This appears (from the link given by WordPress) to be from a Chinese website promoting sports shoes; maybe it too is mechanically translated, but like the example above it has a weirdly pleasing resonance.

Another piece that looks to be translated by machine (I’ve modified punctuation slightly):

I’m at about 203-208lbs give or take what I ate. Sick weigh tomorrow and make it specified.  Nowadays is clear working day one for me.  I hope to be down 13lbs by may possibly fifth which happens to be 5 weeks.  Somewhat over 2lbs each week, but I believe I’m able to get it done.  I’m kickboxing and zi xiu tang bee pollen pillslifting. I want to be down to 160lbs from the middle of sept, 25weeks away.

This could be an interior monologue from any number of recent novels by writers in their twenties or thirties; there’s a Joycean neologism, ‘pillslifting’, which neatly links the registers of pharmacology and physical fitness, which is presumably what this spammer peddles.

Finally, here’s an extract from what looks like a site promoting expensive shoes for women (the ones with the shiny red soles – shoes, that is, not women):

particularly binaural beats become desirable among players, businesses, and those functioning to their personal development and/or religious brain express.

The plosives in the first phrase and the loose, paratactic syntax give a satisfying whiff of Ginsberg.  There’s a hint of the cut-up technique of William Burroughs here, too.

photo: the Allen Ginsberg Project blog

photo: the Allen Ginsberg Project blog

I love the internet.

William Faulkner, ‘As I Lay Dying’: a review

Penguin edition of 'As I Lay Dying' used for this review

Penguin edition of ‘As I Lay Dying’ used for this review

Faulkner wrote  As I Lay Dying in six weeks while working nights at a power plant.  It was his seventh novel, published in 1930 when he was 33 (he died in 1962, and was awarded the Nobel Prize for Literature in 1949).  It was recently filmed by James Franco.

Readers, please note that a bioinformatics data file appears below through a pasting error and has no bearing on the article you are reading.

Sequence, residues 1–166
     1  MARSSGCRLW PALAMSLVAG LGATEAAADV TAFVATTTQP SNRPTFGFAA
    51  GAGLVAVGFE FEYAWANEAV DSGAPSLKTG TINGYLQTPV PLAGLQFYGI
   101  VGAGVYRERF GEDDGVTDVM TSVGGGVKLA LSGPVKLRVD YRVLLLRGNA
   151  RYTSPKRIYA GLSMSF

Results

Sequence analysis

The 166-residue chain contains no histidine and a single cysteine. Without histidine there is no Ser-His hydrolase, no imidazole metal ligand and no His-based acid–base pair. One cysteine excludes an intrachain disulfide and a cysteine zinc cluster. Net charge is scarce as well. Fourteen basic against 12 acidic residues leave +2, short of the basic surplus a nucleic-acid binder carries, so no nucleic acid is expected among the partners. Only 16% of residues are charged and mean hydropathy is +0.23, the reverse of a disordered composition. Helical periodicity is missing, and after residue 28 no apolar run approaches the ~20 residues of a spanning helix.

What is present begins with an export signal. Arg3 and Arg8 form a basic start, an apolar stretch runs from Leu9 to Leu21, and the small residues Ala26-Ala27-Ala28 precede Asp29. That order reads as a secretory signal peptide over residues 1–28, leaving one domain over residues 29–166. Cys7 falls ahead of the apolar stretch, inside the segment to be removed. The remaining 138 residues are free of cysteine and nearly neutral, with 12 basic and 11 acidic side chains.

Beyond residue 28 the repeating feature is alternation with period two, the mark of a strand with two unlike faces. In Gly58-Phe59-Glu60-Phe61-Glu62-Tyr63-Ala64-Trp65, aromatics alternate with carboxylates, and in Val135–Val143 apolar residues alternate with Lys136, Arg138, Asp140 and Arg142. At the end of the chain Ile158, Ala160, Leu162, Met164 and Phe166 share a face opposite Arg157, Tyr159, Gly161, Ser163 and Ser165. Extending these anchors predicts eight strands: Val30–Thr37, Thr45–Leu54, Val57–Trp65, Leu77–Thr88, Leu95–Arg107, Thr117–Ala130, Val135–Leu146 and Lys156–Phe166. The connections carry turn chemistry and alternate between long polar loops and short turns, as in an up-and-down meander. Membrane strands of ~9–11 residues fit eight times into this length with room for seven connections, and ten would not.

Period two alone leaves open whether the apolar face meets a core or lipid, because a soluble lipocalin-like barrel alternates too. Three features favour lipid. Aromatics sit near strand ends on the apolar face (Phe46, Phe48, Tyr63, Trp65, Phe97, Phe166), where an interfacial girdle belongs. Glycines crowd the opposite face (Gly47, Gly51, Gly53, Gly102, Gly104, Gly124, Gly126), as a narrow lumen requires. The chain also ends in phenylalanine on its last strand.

Set in his usual mythical Yoknapatawpha County, based on his own Mississippi habitat, it’s a novel which Faulkner himself described immodestly but justifiably as a ‘tour de force’.  It tells the story of the Bundren family’s difficult quest to carry the body of matriarch Addie to her people’s home cemetery at Jefferson, some 30 miles north of the Bundren farm.  Neighbours think this is a crazy scheme, but ‘pa’ Anse insists he’d promised his wife that her dying wish would be fulfilled.

The coffin, made by Addie’s eldest son Cash, is carried on a wagon drawn by mules, but the journey is beset by disasters: the mules drown attempting to cross the swollen river, Cash breaks the leg he’d broken once before, and other mishaps keep occurring.

The plot has numerous twists and revelations, such as the illegitimacy of the third son, Jewel, and his biological father’s slightly hypocritical tussle with ‘Satan’ in trying to salve his conscience when he hears Addie is dying; the behaviour of the second son, Darl, who narrates many of the novel’s opening sections, becomes increasingly erratic, and after a particularly destructive act he’s callously committed to an asylum by the rest of the family.  The other major storyline involves the fact that Dewey Dell, at 17 the second youngest of the Bundren children, has fallen pregnant; in naively trying to get an abortion from a pharmacy she’s tricked by the assistant there into having sex with him.  She doesn’t get the abortion, and her selfish father takes the money her lover had given her and uses it to buy some false teeth.